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How Technology Can Break the Glass Ceiling in Accounting

Dec 30th 2014
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The first official qualification test for certified public accountants took place in New York in 1896. In those early years, the field of accounting was tough for women to enter. In fact it wasn’t until 1899 when Christine Ross earned top marks in the New York state exam to become the first woman CPA. Ross’ certification opened up the profession for millions—including my great aunt, who was one of the first CPAs in the state of Minnesota in the early 1900s, and much later, me!

Currently women make up 60 percent of all accountants, according to the Bureau of Labor Statistics. However, despite the female dominance in the profession, a gender gap still exists at the partner level: According to a 2012 report by Catalyst, only 21 percent of partners are women.

In my experience, it was technology that helped me break through the gender ceiling and created opportunity in my career path. As a young accountant, I was fortunate enough to have recognized the power of technology and the insights it provided to my clients. At the time, I created new service lines around outsourced accounting services that were not prevalent in the accounting profession.

Because I blazed a different path, rather than just followed along with tax or audit, I created a new revenue stream for my firm and later became a partner at 32. I am offering up my history not to brag, but to empower women accountants to explore the digital accounting path as a way to achieve success. Here are ways cloud technology can create a new type of practice and ramp up your career:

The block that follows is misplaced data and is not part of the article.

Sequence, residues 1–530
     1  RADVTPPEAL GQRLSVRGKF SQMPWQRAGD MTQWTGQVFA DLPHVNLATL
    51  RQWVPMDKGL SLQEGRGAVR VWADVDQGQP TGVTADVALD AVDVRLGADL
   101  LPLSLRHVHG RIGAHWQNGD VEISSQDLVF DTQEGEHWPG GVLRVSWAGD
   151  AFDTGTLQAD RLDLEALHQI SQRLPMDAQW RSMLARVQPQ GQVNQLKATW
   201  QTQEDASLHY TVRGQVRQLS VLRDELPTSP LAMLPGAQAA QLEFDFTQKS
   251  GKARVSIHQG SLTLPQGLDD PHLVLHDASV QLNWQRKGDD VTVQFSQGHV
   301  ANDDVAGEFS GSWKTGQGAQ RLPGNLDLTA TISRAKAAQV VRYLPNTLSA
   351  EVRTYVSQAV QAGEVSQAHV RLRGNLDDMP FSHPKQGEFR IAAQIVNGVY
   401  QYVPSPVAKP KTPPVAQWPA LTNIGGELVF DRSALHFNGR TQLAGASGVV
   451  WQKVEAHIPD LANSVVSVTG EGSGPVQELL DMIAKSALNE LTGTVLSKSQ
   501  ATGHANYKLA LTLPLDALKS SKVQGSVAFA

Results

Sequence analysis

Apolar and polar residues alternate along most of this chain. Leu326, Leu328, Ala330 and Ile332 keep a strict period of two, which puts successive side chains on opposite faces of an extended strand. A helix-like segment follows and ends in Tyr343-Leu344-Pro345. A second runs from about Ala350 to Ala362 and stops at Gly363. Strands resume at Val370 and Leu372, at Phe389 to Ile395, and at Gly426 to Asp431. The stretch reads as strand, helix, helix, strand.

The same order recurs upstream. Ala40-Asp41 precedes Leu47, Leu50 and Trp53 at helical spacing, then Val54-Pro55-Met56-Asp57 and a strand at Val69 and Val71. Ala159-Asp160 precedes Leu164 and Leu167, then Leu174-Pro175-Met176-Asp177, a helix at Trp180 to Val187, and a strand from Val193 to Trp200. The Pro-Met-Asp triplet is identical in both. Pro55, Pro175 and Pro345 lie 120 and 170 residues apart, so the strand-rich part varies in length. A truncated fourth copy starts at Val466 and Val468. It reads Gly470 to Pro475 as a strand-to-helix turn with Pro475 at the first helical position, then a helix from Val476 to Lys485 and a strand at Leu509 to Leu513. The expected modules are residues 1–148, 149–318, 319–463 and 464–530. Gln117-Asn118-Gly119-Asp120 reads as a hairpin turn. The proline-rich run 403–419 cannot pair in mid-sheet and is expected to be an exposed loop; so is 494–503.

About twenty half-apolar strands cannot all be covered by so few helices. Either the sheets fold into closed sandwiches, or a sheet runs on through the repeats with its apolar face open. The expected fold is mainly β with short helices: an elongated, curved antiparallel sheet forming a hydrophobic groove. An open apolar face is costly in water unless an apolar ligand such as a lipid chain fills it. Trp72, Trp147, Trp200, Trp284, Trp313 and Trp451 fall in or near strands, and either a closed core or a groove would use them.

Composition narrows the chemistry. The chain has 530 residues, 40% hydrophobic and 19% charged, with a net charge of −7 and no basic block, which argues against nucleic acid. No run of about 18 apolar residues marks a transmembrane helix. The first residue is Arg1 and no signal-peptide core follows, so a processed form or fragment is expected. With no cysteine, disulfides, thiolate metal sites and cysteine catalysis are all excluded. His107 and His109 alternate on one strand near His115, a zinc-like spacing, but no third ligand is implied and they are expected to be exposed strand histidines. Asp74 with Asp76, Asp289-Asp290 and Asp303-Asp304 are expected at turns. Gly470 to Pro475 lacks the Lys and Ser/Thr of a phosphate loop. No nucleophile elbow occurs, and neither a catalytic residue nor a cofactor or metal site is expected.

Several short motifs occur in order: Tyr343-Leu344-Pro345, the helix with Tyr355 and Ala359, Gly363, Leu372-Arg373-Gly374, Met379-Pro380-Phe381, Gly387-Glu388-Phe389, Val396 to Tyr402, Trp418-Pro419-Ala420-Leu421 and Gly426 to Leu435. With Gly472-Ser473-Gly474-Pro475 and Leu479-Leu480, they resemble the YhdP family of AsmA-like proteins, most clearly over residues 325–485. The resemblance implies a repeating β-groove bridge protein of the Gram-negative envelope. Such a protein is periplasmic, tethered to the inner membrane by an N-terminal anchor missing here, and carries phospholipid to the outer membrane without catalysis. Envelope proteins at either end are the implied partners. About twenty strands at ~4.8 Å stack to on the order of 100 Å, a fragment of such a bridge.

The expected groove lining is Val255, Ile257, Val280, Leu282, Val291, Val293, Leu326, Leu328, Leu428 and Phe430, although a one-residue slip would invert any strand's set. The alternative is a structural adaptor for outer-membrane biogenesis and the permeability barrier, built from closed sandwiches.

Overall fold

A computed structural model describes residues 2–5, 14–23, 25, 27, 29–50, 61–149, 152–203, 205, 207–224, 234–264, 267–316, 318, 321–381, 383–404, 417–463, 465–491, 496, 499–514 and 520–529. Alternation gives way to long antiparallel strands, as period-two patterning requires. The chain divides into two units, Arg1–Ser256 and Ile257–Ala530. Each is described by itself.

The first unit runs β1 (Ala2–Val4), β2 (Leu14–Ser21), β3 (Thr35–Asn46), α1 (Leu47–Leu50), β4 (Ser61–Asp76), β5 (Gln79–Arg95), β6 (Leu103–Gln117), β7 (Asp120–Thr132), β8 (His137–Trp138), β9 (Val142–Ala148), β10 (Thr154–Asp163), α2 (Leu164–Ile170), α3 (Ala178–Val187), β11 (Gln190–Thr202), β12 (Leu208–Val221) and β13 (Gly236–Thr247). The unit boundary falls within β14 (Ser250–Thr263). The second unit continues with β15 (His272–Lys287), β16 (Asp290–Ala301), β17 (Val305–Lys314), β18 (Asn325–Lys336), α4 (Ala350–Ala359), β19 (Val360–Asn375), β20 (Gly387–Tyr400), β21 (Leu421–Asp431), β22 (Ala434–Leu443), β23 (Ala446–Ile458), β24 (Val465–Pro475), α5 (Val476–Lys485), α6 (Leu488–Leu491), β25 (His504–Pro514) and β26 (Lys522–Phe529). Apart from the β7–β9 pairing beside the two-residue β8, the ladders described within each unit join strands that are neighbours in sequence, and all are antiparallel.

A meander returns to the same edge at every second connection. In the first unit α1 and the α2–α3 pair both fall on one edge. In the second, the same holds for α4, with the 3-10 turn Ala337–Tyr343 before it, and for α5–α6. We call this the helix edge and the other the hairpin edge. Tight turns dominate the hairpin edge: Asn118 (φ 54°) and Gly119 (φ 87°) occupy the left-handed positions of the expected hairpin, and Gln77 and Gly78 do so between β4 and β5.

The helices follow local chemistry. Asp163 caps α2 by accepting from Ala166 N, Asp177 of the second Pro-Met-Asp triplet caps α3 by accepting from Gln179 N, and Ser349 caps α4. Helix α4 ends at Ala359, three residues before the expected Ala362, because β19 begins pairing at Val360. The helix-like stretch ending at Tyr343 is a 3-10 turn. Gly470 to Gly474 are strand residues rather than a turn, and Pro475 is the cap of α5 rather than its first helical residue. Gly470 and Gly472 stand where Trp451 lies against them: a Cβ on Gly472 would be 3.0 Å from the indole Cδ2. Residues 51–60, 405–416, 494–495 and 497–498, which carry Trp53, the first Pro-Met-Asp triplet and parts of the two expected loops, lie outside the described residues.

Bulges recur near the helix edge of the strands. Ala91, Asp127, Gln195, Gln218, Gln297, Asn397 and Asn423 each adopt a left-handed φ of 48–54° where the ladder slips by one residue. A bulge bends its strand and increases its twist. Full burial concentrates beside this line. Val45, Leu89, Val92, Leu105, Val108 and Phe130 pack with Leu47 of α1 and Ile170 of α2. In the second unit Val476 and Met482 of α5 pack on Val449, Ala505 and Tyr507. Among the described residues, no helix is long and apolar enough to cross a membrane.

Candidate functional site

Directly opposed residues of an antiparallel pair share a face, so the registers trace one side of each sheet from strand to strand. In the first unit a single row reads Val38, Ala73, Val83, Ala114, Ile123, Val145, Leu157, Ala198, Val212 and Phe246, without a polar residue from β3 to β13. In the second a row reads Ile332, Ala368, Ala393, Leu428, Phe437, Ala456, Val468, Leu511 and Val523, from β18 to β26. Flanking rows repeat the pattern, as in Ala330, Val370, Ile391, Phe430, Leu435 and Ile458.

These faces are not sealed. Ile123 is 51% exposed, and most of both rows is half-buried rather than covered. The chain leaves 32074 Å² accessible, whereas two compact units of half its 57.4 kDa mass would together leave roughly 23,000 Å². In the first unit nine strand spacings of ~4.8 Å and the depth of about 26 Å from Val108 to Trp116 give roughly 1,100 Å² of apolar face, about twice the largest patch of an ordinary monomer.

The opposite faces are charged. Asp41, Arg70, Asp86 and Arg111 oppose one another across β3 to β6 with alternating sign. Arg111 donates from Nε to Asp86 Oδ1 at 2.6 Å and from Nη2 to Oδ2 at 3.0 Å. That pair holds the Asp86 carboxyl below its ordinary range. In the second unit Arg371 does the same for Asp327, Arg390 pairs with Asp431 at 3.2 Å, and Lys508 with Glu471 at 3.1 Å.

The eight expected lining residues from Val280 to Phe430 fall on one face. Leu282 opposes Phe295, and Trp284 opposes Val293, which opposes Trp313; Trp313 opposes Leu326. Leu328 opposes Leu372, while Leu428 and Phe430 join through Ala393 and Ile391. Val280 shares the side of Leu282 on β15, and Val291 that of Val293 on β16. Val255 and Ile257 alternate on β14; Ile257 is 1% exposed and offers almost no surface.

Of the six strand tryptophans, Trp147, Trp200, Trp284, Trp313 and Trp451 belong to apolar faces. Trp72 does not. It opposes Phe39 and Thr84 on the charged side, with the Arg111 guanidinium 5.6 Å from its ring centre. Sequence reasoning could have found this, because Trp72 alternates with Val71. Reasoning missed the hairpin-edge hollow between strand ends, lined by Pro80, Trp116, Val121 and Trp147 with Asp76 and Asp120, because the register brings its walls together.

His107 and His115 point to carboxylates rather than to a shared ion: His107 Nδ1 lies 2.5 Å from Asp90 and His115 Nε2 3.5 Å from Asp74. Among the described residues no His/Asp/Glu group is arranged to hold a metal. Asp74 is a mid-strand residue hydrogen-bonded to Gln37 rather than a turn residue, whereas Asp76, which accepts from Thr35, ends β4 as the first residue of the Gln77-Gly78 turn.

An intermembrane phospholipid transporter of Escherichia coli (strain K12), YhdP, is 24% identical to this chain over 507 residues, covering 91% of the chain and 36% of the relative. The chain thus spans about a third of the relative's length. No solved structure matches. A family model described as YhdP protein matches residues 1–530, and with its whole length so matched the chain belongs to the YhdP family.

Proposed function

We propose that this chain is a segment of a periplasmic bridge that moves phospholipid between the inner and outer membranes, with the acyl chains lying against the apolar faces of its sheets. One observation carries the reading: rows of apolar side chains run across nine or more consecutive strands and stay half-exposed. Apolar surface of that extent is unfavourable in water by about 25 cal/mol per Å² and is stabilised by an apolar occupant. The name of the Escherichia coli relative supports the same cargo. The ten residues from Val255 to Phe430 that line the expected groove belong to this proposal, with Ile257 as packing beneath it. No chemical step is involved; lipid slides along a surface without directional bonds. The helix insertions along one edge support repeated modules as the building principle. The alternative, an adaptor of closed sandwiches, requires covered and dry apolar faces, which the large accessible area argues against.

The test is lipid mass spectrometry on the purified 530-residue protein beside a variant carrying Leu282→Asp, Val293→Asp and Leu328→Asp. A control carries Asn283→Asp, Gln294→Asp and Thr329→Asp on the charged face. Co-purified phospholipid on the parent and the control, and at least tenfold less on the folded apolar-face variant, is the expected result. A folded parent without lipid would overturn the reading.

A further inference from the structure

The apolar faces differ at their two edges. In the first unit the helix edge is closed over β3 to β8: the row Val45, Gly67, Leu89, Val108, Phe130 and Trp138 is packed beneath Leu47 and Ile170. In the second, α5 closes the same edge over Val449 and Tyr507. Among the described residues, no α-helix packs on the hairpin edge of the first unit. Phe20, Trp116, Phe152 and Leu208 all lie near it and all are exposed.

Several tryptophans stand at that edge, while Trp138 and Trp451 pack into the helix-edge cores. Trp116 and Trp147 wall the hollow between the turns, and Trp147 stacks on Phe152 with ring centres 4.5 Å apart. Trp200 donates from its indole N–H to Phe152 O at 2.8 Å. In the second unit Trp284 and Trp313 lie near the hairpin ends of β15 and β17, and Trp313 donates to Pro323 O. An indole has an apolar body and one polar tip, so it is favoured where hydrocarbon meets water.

Technology Creates Opportunities. Today’s modern accountant is a financial advisor utilizing technology to provide clients with holistic views of their businesses. This new approach to the profession offers an opportunity to expand businesses and elevate personal brands not just within your state or country borders, but globally as well.

Becoming a technologist is easier than the word implies. Learning what technology like the cloud can do for your clients and familiarizing yourself with the various platforms available will ratchet up the type of advice you can provide. Think of it this way: today you know the math behind the calculator. With the cloud, all that information is at your fingertips so you don’t have to take hours to calculate. Instead you can provide the advice that your clients so desperately want in real time.

Technology Makes You Flexible. My career has me constantly on the go, traveling from city to city or between countries, always in different time zones. The cloud provides you the flexibility and mobility to keep you organized and connected with work, family and friends. The cloud allows you to remain up to date on all client activity so that you can provide better advice and take care of business on your timeline, from anywhere you are.

Technology Makes You Competitive. In the last few years, I have seen more men turn to technology as early adopters than women. The profession is changing and being well-versed in new technology puts you ahead of the competition. It’s better to be an early adopter and be established so you can be a thought leader in the industry.